1. Limited time only! Sign up for a free 30min personal tutor trial with Chegg Tutors
    Dismiss Notice
Dismiss Notice
Join Physics Forums Today!
The friendliest, high quality science and math community on the planet! Everyone who loves science is here!

Problem with convergent sequences

  1. Jul 3, 2012 #1
    Hi, I have the following problem and have done the first two questions, but I don't know how to solve the last two. Thanks for any help you can give me!

    1. The problem statement, all variables and given/known data
    Let [itex]a_{n}\rightarrow a[/itex], [itex]b_{n}\rightarrow b[/itex] be convergent sequences in [itex]\Re[/itex]. Prove, or give a counterexample to, the following statements:

    A) [itex]a_{n}[/itex] is a monotone sequence;
    B) if [itex]a_{n}>b_{n}+1/(n^3+4)[/itex], then [itex]a>b[/itex];
    C) if [itex]a_{n}>((n^3+1)/(2n^3+1))b_{n}[/itex], then a>b;
    D) if [itex]s_{n}=(1/n)(a_1+...+a_n)[/itex], then [itex]s_n \rightarrow a[/itex].


    2. Relevant equations



    3. The attempt at a solution

    I have solved the first two. For A I have given the counterexample [itex]a_n=sin(n)/n[/itex] and for B I have used the fact that as n goes to infinity, [itex]1/(n^3+4)[/itex] approaches 0, which would give [itex]a_n > b_n[/itex], which is a>b when n goes to infinity.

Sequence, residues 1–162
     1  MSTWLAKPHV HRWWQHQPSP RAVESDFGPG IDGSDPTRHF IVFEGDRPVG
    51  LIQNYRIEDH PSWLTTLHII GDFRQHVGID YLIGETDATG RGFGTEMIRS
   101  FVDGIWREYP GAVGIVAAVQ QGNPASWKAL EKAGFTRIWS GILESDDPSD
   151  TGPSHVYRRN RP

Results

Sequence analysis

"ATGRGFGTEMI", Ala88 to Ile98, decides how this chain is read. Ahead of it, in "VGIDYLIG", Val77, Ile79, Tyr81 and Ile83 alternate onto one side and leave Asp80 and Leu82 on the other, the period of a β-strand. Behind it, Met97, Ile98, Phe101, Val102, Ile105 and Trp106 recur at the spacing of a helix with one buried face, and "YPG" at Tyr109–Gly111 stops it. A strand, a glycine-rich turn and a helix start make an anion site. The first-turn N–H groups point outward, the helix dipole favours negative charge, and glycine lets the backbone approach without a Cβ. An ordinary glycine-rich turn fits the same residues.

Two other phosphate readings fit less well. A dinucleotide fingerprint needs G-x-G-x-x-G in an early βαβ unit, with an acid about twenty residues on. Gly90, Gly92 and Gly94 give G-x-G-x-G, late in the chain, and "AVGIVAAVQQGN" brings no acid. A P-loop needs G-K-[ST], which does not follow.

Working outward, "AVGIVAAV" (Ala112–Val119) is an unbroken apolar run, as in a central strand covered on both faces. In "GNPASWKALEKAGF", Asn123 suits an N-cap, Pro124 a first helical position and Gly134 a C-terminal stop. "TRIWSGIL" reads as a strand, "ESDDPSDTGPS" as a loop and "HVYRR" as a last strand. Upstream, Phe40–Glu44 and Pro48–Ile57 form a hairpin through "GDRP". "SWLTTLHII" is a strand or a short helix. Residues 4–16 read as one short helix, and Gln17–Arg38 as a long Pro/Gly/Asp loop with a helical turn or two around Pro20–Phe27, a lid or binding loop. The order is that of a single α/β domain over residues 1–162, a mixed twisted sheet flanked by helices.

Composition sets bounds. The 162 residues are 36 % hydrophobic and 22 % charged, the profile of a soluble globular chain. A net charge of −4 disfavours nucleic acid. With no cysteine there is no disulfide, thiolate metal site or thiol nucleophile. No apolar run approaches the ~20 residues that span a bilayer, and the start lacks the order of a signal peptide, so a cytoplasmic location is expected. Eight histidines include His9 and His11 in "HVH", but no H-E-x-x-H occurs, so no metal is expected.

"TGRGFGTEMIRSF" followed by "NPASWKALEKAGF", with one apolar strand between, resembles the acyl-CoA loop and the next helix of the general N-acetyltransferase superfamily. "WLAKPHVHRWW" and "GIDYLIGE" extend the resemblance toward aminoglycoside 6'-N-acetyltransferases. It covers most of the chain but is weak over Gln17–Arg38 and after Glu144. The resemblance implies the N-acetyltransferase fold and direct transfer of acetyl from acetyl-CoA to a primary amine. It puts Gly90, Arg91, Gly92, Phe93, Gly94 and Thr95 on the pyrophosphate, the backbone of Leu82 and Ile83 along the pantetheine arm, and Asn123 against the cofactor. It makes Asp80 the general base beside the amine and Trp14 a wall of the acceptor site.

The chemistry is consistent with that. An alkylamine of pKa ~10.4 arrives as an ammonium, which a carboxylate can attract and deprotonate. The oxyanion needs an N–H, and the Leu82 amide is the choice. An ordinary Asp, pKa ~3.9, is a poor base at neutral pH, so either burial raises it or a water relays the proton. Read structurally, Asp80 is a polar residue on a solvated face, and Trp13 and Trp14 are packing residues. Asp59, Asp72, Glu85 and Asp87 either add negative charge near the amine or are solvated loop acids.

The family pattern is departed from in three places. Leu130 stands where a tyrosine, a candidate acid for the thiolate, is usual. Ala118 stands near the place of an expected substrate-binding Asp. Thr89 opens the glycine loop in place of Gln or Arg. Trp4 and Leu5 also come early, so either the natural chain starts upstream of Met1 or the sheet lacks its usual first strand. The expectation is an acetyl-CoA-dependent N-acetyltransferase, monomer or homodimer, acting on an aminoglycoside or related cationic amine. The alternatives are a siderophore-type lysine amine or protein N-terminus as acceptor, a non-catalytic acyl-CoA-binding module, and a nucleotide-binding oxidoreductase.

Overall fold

I have tried the same thing with C, but it gives me [itex]a>(1/2)b[/itex], which doesn't lead me anywhere, I think. And for D, I think that as n goes to infinity, [itex]s_n[/itex] will be close to [itex]a_n[/itex] because [itex]s_n ≈ (1/n)*n*a_n[/itex], which is the same as saying [itex]s_n \rightarrow a[/itex]. However, I don't know if this is correct, and if it is, how am I supposed to express it?

    Thanks a lot!
     
  2. jcsd
  3. Jul 3, 2012 #2

    LCKurtz

    User Avatar
    Science Advisor
    Homework Helper
    Gold Member

    Think about that last statement if ##a_n = \frac 2 {n^3+4}## and ##b_n=0##.
     
  4. Jul 4, 2012 #3
    Thanks!

    So that would give me [itex]2/(n^3+4)>1/(n^3+4)[/itex], which holds when n goes to infinity.

    So could I use something similar for part C then, something like [itex]b_n=0[/itex] or [itex]b_n=1[/itex]? With [itex]b_n=1[/itex], I could have [itex]a_n=(2n^3+1)/(2n^3+1)[/itex]?
     
  5. Jul 4, 2012 #4
    However, they would not hold for negative values of n? I am confused :/
     
  6. Jul 4, 2012 #5

    LCKurtz

    User Avatar
    Science Advisor
    Homework Helper
    Gold Member

    I'm not sure you understand my example and I don't know what you mean when you say it "holds when n goes to infinity". The ##a_n## and ##b_n## in my example go ##a=0## and ##b=0## respectively. The ##a_n>b_n## does not hold in the limit.
     
Know someone interested in this topic? Share this thread via Reddit, Google+, Twitter, or Facebook




Similar Discussions: Problem with convergent sequences
  1. Sequence Convergence (Replies: 2)

Loading...